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It was all hands on deck at Dennis Riggs' family farm late last week, when sons Darin and Matthew took the afternoon off work at Riggs Beer Company, which they own, to plant crops and finish a planting season that has gone much later than typical years.

"We had all three tractors running, and we had a Riggs behind the steering wheel of all three tractors," Dennis Riggs said. "I don't know when was the last time that's happened."

The extra help was needed. Much like other farms across Illinois, Riggs' planting season had been interrupted time after time by downpours.

According to last week's USDA report, only 45 percent of corn and 21 percent of soybeans had been planted. At the same time last year, those percentages were 95 and 84, respectively.

Local farmers, though, have rushed to plant in small spurts. During the small pockets of dry weather, Mark Pflugmacher has stayed up planting as late as 1:30 a.m. and wakes up about 5 the next morning.

This week's dry weather finally allowed him to finish planting, about a month later than he finished a year ago.

"It's been a relief that we have a little bit of a window better than two days," Pflugmacher said. "It's like, 'Wow, maybe we can quit early at night and get recuperated, take some time and fix some stuff that broke the last three days, four days.'

"When we're working real long days, we're not stopping very much, and that's when accidents happen, but we're just doing the best we can."

The later growing season can have multiple pitfalls.

Days begin growing shorter after the June 21 summer solstice, meaning the plants won't quite receive maximum daylight, and the wet weather made the application of nitrogen fertilizer more difficult. The late planting season would also make an early frost devastating.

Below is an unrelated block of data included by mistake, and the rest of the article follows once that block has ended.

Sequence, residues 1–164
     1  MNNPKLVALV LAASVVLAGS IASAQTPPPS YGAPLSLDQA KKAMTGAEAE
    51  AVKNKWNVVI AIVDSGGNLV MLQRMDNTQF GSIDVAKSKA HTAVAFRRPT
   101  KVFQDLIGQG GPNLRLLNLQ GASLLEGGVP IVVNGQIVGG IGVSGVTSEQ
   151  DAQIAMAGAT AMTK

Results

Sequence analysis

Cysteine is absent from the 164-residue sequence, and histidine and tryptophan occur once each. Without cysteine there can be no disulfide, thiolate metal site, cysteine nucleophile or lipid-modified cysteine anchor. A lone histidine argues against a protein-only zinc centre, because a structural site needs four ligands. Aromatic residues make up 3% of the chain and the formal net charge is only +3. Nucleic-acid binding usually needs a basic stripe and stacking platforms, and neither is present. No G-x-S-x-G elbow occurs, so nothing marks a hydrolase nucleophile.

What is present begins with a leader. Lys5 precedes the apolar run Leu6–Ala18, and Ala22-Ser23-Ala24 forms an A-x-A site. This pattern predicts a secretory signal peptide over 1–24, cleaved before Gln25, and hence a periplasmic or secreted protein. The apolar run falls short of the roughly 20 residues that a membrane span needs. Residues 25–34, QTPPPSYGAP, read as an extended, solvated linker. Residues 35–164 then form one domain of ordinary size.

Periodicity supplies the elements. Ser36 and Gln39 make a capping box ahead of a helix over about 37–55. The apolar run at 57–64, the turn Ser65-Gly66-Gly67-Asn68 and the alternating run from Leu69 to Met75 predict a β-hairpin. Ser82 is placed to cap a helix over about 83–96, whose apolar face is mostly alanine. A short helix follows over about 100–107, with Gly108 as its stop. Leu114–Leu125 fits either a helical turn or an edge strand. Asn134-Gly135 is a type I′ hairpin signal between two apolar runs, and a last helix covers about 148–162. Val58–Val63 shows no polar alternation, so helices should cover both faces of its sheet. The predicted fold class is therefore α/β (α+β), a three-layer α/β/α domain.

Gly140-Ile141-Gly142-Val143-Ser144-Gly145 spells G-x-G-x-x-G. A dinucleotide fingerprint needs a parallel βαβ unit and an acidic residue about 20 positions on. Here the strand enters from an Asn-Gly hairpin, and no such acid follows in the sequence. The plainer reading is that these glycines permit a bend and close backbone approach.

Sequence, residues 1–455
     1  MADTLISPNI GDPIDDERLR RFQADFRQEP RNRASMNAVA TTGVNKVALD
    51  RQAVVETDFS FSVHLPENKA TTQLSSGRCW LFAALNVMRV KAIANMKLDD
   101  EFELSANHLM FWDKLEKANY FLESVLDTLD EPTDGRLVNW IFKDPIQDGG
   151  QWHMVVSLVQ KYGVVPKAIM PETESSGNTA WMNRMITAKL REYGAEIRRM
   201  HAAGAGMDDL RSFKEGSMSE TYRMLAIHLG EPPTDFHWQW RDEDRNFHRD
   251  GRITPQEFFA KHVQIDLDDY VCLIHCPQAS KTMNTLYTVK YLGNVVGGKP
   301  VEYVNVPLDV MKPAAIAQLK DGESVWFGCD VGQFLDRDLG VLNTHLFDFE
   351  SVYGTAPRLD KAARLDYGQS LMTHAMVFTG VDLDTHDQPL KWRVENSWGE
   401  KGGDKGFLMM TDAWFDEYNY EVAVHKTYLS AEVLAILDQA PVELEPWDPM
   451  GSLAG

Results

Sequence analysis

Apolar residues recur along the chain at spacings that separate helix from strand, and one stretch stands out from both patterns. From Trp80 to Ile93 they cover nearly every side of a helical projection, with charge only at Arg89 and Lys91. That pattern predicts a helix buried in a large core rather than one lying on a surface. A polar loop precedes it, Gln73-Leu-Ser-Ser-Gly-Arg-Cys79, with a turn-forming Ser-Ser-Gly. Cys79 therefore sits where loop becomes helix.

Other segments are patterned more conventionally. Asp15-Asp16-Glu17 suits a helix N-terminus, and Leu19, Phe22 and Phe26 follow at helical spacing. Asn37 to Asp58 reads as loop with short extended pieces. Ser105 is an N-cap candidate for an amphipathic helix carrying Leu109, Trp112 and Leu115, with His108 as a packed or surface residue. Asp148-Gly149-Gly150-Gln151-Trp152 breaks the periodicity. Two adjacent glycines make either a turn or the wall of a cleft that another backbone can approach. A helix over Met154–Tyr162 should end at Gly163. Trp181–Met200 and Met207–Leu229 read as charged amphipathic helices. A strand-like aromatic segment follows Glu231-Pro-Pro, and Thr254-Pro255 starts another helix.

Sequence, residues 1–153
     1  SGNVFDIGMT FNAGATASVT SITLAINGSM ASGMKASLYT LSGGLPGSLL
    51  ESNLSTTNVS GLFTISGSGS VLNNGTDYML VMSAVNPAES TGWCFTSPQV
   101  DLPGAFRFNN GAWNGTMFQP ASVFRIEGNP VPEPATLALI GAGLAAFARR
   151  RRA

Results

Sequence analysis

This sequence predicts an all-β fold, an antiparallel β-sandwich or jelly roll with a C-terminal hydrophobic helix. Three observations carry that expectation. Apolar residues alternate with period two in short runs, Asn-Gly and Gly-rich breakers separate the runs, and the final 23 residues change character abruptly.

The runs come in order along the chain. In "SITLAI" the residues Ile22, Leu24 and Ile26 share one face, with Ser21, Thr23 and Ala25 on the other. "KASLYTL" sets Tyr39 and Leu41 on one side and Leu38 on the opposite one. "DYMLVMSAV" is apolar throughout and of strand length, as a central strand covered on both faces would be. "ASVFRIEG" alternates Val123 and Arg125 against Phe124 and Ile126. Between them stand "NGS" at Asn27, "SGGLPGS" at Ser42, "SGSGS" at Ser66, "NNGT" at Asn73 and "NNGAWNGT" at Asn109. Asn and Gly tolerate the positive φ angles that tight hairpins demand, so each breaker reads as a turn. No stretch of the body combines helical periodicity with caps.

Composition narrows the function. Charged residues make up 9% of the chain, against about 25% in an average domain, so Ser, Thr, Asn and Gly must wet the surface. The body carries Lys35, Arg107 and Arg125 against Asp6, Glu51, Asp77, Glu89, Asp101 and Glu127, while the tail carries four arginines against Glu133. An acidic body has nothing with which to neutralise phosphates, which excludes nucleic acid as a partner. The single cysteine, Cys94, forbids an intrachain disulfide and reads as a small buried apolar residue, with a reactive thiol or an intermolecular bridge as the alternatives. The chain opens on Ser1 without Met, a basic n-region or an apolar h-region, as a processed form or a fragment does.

"It's not to say that we can't still have good crops," Chris Hausman said. "It all depends on rainfall, and what we can't have — and this would be terrible all over the Midwest — is an early killing frost.

"If we would happen to have a frost come in that first week of September, that would really be detrimental to the crops, because we're going to need an extended growing season this year, and this crop is going to need all the daylight it can get. The last thing you want is for that growing season to end by an early frost."

Hausman, who has farmed full time since the early '90s, rushed to get his planting done earlier this week because the forecast called for rain.

Luckily for farmers like Pflugmacher, the rain held off this week in Champaign County. Now, local farmers are waiting to see what lies ahead for their crops.

"This probably would have to go down as the most challenging spring that we've ever had," Hausman said. "It was just a challenge, because these rains, just when you had the thought that the ground is just getting fit, then we would get another half of an inch to three-quarters of an inch on top of that, and that would set us back another three or four days, and basically, that happened all spring. ... There were just a lot of things working against us this year."

Multimedia Specialist

Anthony Zilis is a multimedia specialist at The News-Gazette. His email is azilis@news-gazette.com, and you can follow him on Twitter (@adzilis).